“I want to see a male lion and a kill, please,” says Jordan, a fellow guest on our safari vehicle for our last drive in South Luangwa. Jonathan, our guide, gives him a knowing look. “Mmmm,” he mumbles. We charge off. It seems like Jonathan is on a mission. After twenty minutes of driving at fullish pelt, he brakes abruptly.

Lying on top of a ridge above the river are nine lions, taking advantage of the shade: two of them with their heads up, on lookout, while the others sleep.

“These are part of a 26-strong pride,” says Jonathan. “There are three males in this group, so one may be around here.”

Our excitement rises. We charge onwards, down onto a dry riverbed. We stop. About 150 metres away lie three lionesses, three cubs and the King of the Jungle himself. We cross the riverbed for a better vantage point. The male rolls over onto his back, his legs up in the air.

Nothing much is happening, and we can’t get any closer, so we drive back, stopping in the middle of the riverbed when one of the cubs paws at his dad, clearly annoying him. He gets up, moves a few yards and settles down again.

Another vehicle tries to get past us and gets stuck in the sand, creating a huge cloud of black smoke as he struggles to get out.

The commotion seems to have disturbed the pride. The lionesses are on the move, and they are heading straight towards us. There’s tension in the air.

At the last moment they divert their course and saunter around the back of our vehicle. We breathe a collective sigh of relief. “There’s buffalo over there,” says Jonathan, pointing to some bushes some way off. “The lions look hungry and are off to hunt. They have left the dad to babysit.”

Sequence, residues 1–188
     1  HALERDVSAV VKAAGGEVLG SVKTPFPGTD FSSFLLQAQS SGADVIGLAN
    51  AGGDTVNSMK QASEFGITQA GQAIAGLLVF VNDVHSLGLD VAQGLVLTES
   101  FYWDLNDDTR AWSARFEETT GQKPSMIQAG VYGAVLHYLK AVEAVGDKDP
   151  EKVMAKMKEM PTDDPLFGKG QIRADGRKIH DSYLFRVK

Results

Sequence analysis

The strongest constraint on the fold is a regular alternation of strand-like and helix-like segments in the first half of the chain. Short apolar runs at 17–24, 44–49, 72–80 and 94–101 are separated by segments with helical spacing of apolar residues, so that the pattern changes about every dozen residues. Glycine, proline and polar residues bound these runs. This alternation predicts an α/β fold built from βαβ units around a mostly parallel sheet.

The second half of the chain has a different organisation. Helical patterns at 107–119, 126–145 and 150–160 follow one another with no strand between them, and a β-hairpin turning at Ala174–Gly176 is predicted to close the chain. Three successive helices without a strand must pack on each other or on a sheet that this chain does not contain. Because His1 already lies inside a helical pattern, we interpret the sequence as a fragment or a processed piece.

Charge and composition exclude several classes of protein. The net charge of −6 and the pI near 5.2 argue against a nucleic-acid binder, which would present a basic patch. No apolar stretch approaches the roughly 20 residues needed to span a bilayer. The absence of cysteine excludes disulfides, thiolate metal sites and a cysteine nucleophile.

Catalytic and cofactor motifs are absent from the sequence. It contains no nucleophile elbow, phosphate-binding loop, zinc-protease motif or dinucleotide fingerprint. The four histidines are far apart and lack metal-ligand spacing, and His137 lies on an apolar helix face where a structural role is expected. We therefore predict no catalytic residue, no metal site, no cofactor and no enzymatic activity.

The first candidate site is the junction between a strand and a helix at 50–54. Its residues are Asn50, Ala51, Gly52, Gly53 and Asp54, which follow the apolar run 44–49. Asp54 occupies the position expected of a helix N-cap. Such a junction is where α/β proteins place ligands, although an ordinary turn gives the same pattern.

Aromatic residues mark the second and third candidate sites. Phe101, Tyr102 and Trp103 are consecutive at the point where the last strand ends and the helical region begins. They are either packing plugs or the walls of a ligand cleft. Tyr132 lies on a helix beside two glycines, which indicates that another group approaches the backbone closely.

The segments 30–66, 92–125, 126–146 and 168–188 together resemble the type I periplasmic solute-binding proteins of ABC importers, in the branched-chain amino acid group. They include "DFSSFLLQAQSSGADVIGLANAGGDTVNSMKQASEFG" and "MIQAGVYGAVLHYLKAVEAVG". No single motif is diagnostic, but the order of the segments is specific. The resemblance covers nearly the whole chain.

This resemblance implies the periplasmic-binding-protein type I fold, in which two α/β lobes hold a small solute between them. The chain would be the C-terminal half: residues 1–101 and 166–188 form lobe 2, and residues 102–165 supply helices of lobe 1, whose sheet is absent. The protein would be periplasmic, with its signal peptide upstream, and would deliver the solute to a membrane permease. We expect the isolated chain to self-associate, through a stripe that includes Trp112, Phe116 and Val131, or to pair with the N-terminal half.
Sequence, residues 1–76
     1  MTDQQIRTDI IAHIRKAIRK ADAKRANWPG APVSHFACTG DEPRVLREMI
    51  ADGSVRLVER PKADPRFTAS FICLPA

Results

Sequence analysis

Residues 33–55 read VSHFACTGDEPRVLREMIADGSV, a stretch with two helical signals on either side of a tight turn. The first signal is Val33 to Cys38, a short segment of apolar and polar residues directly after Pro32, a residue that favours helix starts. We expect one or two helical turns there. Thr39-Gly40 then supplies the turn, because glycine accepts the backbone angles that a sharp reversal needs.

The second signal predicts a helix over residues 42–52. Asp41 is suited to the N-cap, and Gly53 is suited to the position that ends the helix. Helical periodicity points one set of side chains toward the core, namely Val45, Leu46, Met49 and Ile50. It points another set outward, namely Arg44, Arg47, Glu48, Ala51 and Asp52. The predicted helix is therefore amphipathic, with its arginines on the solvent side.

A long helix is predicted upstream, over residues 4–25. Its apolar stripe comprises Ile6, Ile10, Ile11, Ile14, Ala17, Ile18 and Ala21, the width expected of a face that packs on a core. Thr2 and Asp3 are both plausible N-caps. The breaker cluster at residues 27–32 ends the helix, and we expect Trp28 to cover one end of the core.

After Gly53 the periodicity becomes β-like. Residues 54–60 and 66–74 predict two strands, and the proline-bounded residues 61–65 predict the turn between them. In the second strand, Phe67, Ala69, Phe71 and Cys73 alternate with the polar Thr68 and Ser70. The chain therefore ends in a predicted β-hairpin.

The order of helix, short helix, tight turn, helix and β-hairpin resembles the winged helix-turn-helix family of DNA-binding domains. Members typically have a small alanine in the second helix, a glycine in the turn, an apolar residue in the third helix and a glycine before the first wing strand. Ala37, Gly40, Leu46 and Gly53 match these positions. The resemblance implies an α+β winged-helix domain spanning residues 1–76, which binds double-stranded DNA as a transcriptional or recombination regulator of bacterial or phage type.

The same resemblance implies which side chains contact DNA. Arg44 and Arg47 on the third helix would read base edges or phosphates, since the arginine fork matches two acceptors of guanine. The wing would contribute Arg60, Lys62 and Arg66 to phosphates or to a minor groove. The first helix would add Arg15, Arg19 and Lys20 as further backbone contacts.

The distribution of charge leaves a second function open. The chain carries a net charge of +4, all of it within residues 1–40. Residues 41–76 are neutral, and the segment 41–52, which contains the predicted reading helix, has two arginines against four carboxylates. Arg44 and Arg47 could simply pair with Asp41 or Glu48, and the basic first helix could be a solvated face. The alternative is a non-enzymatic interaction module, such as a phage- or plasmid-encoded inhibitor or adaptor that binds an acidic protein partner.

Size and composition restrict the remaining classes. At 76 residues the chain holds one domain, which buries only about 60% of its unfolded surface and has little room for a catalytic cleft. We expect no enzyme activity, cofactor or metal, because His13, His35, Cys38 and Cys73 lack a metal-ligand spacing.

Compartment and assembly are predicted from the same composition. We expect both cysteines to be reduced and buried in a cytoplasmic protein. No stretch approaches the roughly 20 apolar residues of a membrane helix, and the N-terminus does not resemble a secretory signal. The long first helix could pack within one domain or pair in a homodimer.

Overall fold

We move in for a closer look at the male, but still keeping our distance. The three cubs do likewise to us. The mane man is up on his feet. Padding towards us. We forget to breathe again… but he passes by, barely looking at us – he’s off to check on how his women are getting on. We set off in pursuit of the lionesses. Will Jordan’s wish come true? Will we see a kill?

After five minutes we stop. To our right we see two buffalo between the trees, on lookout. They can smell something is up. To our left we spot the three lions, moving stealthily through the scrub, spreading out, ready for a three-pronged attack. The one on the right flank passes directly in front of us. She’s out in the open. Surely she’s given the game away? But she quickly blends back into the undergrowth. The two buffalo remain on their guard. We see the other two lions moving forwards now, more swiftly, and suddenly there’s an almighty commotion behind a bush and the buffalo scatter.

The lions have pounced, but missed. Destined to go hungry for a while longer.

For us, it’s not the winning, but the taking part that counts.

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